The group is against anybody being used as a vehicle for providing gratification services, and that this would be a back door to allowing the pimping and solicitation of prostitutes in all circumstances. This is a big money-making business for the pimps.

There is concern that allowing what are essentially prostitutes for people with disability, might be called discrimination by other sections of society and this would pave the way for the pimping and solicitation to be made perfectly legal.

Those in favour of providing people with disability with sex workers say that calling them ‘prostitutes’ is not right because many must be trained to deal with the needs of different disability. The activists insist that a trained prostitute is still a prostitute.

Gatt said that there are sex therapists that can help with issues of sexuality, there are carers who can keep people company and help people with disability to meet other people. She goes onto say it is more important to form intimate relationships that last, than short-lived sexual gratification.

Borg was critical of Oliver’s message in his capacity as a commissioner, saying that advocating the use of sex workers is like saying that a person with a disability should not even try to engage in regular relationships but should automatically make use of a prostitute.

Borg believes that by discussing the issue so generally, all those with disability are being put in the same basket when the spectrum of different kinds of disability is huge.

Bugeja said a distinction must be made, and that it is not uncommon for persons with disability to form a meaningful relationship.

The three expressed concern that, by approaching the issue, a message is being given that a person with disability should not try to gain intimacy through more traditional channels, but should automatically seek out the services of a sex worker or prostitute.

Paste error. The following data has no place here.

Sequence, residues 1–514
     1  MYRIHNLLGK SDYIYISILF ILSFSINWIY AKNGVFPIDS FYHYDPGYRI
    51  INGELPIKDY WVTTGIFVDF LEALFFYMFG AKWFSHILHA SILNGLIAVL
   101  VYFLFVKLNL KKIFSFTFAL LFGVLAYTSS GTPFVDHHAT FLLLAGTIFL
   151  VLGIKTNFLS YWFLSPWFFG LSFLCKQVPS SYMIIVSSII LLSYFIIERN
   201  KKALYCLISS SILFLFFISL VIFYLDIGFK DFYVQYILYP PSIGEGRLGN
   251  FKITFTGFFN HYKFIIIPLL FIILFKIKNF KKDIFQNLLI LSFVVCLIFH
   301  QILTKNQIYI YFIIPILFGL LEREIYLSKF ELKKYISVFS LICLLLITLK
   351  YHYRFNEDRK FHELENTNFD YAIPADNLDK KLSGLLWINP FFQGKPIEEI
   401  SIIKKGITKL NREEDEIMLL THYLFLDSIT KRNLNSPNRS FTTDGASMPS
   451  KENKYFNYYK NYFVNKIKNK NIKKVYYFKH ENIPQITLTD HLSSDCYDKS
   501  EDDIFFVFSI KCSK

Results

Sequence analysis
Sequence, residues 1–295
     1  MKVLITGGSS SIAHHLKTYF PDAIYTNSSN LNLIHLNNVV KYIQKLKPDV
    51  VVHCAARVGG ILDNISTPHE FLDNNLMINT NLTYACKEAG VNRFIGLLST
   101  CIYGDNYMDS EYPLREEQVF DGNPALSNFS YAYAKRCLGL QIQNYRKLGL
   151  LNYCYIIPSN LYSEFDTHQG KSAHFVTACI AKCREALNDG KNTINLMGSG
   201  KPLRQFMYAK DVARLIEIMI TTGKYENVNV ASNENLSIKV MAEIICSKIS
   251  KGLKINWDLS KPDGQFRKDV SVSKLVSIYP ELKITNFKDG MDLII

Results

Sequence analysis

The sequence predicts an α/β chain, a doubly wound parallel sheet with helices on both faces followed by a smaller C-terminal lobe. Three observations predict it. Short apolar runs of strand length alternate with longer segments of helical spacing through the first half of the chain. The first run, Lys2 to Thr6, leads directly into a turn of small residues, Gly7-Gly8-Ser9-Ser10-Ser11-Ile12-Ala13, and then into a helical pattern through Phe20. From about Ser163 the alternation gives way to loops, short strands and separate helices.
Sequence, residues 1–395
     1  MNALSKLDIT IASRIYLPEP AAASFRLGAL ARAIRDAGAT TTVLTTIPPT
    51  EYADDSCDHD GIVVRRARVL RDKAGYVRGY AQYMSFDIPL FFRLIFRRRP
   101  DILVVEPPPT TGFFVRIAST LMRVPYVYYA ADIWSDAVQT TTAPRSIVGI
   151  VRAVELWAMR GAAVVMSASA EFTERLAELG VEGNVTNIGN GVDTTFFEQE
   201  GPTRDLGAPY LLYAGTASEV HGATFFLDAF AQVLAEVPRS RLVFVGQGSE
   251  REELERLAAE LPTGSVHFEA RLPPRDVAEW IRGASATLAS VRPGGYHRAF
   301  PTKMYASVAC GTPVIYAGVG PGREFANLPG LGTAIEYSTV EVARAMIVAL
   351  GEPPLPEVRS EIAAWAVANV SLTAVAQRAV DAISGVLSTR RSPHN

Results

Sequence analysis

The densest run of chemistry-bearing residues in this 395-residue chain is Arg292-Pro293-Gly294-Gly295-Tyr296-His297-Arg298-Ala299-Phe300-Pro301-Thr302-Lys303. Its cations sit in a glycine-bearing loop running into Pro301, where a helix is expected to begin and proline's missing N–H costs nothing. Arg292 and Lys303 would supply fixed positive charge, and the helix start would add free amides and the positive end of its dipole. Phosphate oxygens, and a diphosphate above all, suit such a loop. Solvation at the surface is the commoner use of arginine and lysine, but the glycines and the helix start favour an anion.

While many different disabilities exist, some pose a far greater obstacle to living a relatively normal life than others. This newsroom asked about those whose disability genuinely does not allow them to self-gratify or enter into a relationship, and whether the services of a sex worker should be provided for them.

Both Gatt and Borg acknowledged the difficulty of such a scenario, particularly as the needs of the individual with disability may not even be known, and questioned where the line gets drawn as to who will get the services and who will not, depending on the level of their disability. 

Bugeja also acknowledged that there is a section of people with disability which, because of the nature of their circumstances, are unable to build a typical relationship or self-gratify, but questioned if the ‘dignity’ of those so-called sex workers should be compromised to justify the provision of such services.

“Are we going to justify any means to reach an end? Are there any alternatives to how their lives could be satisfied without seeking out the services of prostitution? Are we going to further jeopardise the image of women in today’s society and further increase their abuse?”

Bugeja quickly added that, as male prostitutes would also be used in this respect, they would also suffer a loss of dignity, but because of the way women are valued and portrayed in today’s society, such a move could impact on women’s image more than in the case of men.